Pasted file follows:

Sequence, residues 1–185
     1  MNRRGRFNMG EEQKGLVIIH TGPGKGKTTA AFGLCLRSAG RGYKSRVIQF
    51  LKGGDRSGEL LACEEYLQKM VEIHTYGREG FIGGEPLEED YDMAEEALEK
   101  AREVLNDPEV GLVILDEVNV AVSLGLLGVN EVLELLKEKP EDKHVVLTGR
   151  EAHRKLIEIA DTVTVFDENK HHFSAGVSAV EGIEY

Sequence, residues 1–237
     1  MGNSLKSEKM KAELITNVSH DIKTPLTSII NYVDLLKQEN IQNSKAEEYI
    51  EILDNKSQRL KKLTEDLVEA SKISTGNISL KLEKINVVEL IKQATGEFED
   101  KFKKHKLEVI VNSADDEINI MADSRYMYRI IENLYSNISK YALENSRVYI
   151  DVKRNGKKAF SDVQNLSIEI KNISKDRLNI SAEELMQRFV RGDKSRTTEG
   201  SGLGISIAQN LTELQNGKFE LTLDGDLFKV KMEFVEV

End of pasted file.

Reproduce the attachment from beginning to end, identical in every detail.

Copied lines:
Sequence, residues 1–185
     1  MNRRGRFNMG EEQKGLVIIH TGPGKGKTTA AFGLCLRSAG RGYKSRVIQF
    51  LKGGDRSGEL LACEEYLQKM VEIHTYGREG FIGGEPLEED YDMAEEALEK
   101  AREVLNDPEV GLVILDEVNV AVSLGLLGVN EVLELLKEKP EDKHVVLTGR
   151  EAHRKLIEIA DTVTVFDENK HHFSAGVSAV EGIEY

Sequence, residues 1–237
     1  MGNSLKSEKM KAELITNVSH DIKTPLTSII NYVDLLKQEN IQNSKAEEYI
    51  EILDNKSQRL KKLTEDLVEA SKISTGNISL KLEKINVVEL IKQATGEFED
   101  KFKKHKLEVI VNSADDEINI MADSRYMYRI IENLYSNISK YALENSRVYI
   151  DVKRNGKKAF SDVQNLSIEI KNISKDRLNI SAEELMQRFV RGDKSRTTEG
   201  SGLGISIAQN LTELQNGKFE LTLDGDLFKV KMEFVEV